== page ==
Saturday, June 16, 2012

iSCSI Performance, round 2

So after turning on Jumbo frames (see my last post about this), I was able to get wonderful speed through the network, but I was having an issue with the storage server at this point; load averages were too high, and none of the RAM on the box was being used for caching.

In reading through the OpenFiler forums, I'd seen people referring to using iSCSI (a blockIO type technology) with fileIO transfer mode.  This didn't make sense to me, but I decided to try it with a new storage system I'd brought online.

I'd already mapped the LUN on the new system in the same was as the old system: iSCSI, write-back, blockIO.  Since there wasn't anything riding on this one, I just unmapped the LUN, and remapped it with write-back/ fileIO.  VMware didn't bat an eyelash at it (I didn't take the iSCSI service offline) and was able to browse the datastore just fine.  I then tested an fresh install of a system, since this is highly IO intensive.

Needless to say, I was very surprised to see the performance improvement.  Read and write latencies are now in the single digits, and I had a sustained network transfer during the install of 233Mbps, or 23.3% of my 1GbE connection (info based on VMware's performance reporting).  I also saw the memory on the OpenFiler system being used for caching, which was another win.

I immediately shut down my other 9 VMs and flipped my other system to fileIO tranfer mode.  There was no data loss (again, VMware didn't even notice the change), and I brought up the systems, first two at the same time, and then all the rest at the same time.  Latencies stayed in the single digits during the boot, and everything came up as if it was on dedicated hardware.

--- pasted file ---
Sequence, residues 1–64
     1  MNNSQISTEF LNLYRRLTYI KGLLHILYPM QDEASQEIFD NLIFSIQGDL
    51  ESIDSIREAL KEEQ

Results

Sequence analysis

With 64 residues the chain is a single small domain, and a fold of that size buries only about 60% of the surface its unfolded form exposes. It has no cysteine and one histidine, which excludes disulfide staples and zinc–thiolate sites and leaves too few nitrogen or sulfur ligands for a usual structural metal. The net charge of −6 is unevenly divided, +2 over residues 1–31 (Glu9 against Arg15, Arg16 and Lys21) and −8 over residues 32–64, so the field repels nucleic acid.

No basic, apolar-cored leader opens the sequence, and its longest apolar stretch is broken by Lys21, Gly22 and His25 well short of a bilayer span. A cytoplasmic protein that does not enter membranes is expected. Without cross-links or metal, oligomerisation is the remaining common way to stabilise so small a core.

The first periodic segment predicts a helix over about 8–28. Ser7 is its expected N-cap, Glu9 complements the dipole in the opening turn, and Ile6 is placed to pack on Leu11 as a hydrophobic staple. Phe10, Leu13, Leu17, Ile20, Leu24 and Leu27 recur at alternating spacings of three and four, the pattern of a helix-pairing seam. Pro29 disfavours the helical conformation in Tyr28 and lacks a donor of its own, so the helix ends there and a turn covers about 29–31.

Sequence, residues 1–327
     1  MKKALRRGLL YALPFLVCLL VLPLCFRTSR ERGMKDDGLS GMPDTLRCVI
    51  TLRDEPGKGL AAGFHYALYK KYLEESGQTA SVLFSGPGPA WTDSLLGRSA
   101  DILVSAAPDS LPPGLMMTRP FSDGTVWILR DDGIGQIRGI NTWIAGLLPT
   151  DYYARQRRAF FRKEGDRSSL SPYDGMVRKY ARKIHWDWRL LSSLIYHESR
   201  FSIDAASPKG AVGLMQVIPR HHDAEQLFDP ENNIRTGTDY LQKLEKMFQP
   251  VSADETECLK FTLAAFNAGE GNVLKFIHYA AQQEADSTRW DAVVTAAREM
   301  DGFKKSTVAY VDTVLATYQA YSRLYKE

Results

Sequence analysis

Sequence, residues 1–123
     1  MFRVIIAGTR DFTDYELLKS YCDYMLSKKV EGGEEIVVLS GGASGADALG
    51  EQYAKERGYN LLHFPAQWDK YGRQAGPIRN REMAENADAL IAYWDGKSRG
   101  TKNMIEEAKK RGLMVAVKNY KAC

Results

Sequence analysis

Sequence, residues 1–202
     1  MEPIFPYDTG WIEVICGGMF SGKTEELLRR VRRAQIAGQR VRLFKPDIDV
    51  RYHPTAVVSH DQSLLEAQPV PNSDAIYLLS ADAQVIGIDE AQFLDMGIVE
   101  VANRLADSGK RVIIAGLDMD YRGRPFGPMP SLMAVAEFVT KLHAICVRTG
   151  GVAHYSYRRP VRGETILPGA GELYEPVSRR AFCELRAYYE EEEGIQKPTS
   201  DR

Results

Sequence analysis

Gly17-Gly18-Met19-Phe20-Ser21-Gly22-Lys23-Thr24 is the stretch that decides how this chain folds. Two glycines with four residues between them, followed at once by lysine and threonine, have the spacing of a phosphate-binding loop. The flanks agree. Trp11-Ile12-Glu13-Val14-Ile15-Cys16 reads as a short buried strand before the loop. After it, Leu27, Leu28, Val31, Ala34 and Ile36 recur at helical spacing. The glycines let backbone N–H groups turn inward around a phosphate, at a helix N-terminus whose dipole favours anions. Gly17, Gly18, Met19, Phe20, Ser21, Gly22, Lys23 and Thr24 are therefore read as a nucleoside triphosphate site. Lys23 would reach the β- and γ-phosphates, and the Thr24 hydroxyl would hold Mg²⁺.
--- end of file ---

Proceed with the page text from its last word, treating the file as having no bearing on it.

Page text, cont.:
Also, the load averages on the OpenFiler system had dropped back to where they were before, but I noticed another problem...  the cache was using all the RAM on the box.

My OpenFiler systems are DELL 2850s, and when I bought them, I'd only gotten them with 2GB of RAM each.  Needless to say, I'm shopping for RAM right now =D.

(ps: I'm using BBU on the PERC cards in the Dells, and I have all my systems on a UPS as well).

So there you have it: iSCSI can be done cheaply and perform well enough to run your virtual infrastructure.  In this case, I'm currently running 10 VMs on a DELL 2850 and a DELL 1950, and total cost to me to set this up was under $2K.  More to come once I have more RAM =D


  1. This is somewhat of an old post, anyways... Your box will always use 100% (well, all that is left over) of your RAM for cache. That is just the way Linux cache works. It doesn't mean that you low on RAM, as soon as another process requires RAM, cache wil release it. So the more RAM the better, but you will almost always see it as used, even though it's actually available to the system.

    1. Right. The issue wasn't that all the RAM was used as much as the fact that I only had 2GB. I've since increased the memory in both boxes, and the performance has increased as well.

      As far as I can tell, this isn't the Linux system itself as much as Openfiler reporting the cache it has. They could be the same, I'm not sure.

  2. Great that I found you! For you as for an entrepreneur and for your followers who are probably business owners as well such article about cloud technology as virtual data room comparison may be interesting.

    1. Hey Rick, thanks for the link!

      There are several different competing ideas related to "cloud" technology; one of my main reasons for doing this at the time was not just cost but also to stay current on technology stacks.

      Reading back over this post, I would not use Openfiler. I'm in the middle of a move right now, so everything is packed up. I'll work on putting my thoughts down on virtual data rooms and cloud computing in the future.